As one of cable television’s rising stars, Chris Hayes has been presenting his perspective on the state of America. Mr. Hayes hosts MSNBC’s weekend program, Up with Chris Hayes and is the editor-at-large for The Nation. In his first book titled Twilight of the Elites: America After Meritocracy, he claims a growing distrust by Americans with the various institutions that impact their lives, economically, politically and socially.
You can read the highlights below, as well as listen to the entire CYInterview of this compelling conversation about America’s state, with Chris Hayes:
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One of the messages in Mr. Hayes’s book is that, in America, we reward bad behavior. One of the examples he uses in highlighting this bad behavior, is how certain Major League Baseball players got bigger contracts while using performance enhancing drugs; players like Jose Canesco, over athletes who were playing the game clean.
“One of the themes of what’s in the book I refer to as the failed decade, which is the last 10 years of this sort of, this cascade of institutional failures where you see everything from you know the army core of engineers to Major League Baseball to Wall Street banks to Congress to the media you know imploding in waves of scandal and corruption and incompetence and it’s left people feeling a lot of distrust towards the traditional sources of authority, the institutional pillars in our society and a lot of anger and betrayal.
And the reason I think people feel anger and betrayal is there doesn’t seem to be accountability for people at the top when they mess up…For bankers that have brought the world economy to its knees, to politicians that were able to sell a the nation on a war based on what turned out to be a fiction, for the people that botched New Orleans’ levy system, for the people in the hierarchy of the Catholic Church, there just doesn’t seem to be accountability for people at the top.”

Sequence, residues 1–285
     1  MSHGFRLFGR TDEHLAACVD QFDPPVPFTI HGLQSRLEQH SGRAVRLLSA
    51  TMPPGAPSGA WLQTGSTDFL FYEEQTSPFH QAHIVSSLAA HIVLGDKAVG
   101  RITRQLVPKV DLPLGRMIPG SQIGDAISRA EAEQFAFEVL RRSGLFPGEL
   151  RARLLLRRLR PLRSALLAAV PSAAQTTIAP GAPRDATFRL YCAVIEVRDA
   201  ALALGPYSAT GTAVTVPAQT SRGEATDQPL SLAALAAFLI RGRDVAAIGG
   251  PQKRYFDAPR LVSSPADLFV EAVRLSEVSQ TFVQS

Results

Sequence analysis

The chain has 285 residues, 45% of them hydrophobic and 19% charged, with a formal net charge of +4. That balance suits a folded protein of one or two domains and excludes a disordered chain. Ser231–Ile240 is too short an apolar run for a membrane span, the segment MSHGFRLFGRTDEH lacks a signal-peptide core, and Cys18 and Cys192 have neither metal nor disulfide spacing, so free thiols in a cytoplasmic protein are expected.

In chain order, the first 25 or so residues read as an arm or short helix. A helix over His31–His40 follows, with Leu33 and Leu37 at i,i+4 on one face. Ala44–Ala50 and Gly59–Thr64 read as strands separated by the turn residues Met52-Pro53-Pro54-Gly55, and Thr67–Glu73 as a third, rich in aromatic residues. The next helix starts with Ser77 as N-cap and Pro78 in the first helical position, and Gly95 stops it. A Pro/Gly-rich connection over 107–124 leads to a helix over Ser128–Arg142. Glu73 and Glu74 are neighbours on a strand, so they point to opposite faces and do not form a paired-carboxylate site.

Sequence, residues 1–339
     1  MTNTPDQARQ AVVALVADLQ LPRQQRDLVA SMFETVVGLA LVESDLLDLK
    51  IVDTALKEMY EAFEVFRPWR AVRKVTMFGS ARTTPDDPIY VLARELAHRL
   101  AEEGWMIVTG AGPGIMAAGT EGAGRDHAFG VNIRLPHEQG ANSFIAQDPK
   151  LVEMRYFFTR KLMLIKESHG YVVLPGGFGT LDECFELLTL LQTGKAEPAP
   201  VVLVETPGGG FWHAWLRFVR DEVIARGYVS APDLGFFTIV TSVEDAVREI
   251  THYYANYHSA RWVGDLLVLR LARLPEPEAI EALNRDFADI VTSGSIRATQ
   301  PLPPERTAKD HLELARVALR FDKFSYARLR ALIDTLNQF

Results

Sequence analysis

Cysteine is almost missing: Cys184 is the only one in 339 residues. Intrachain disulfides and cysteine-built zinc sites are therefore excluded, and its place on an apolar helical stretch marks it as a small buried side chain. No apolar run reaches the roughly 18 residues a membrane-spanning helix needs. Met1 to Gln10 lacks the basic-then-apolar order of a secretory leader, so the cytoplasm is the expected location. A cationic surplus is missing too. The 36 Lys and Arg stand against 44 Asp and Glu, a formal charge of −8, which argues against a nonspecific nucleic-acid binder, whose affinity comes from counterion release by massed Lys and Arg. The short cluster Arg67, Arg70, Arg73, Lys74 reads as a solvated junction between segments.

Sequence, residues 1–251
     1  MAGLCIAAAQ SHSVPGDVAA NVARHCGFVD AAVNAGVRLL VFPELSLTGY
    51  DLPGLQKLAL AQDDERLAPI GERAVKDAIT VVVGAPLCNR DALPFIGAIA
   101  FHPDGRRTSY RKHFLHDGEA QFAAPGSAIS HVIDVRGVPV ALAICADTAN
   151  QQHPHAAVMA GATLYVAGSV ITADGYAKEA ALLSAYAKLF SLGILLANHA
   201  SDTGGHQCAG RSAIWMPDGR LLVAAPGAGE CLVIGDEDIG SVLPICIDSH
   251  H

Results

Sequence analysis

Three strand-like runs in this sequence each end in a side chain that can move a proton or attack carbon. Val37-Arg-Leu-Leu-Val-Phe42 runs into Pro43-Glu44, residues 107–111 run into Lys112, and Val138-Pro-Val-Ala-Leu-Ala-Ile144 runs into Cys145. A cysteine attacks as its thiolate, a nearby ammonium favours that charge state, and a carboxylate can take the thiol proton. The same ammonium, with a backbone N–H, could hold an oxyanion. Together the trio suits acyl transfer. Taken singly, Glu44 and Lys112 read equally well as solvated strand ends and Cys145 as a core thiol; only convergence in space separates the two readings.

When it comes to people like Bernard Madoff – who will be spending the rest of his life in jail after committing one of history’s biggest Ponzi schemes – Hayes believes that his is a rare example of what goes around comes goes around, after having indulged in bad behavior. He makes the case of others who seem to have gotten away scot-free:
“I think those are the exceptions by far…In some ways baseball has had more accountability than the financial system. I mean you know, how many bankers have had to face genuine criminal sanctions for what we know was essentially systemic fraud that ran through the system, very few, you can count them on one hand. Angelo Mozilo who ran Countrywide, which was the biggest purveyor of toxic loans wrote in emails to his own subordinates that we’re basically selling people toxic products.
He said of one kind of mortgage that they were selling that there could be nothing more toxic. Well he cashed in his stock options and made off before the whole thing crashed and has not had to face any criminal sanctions. So I think that the people who do face accountability are far, far rarer than those who have been able to escape accountability.”
When it comes to the future of America’s economy, Mr. Hayes believes healthcare will be America’s biggest long term challenge going forward: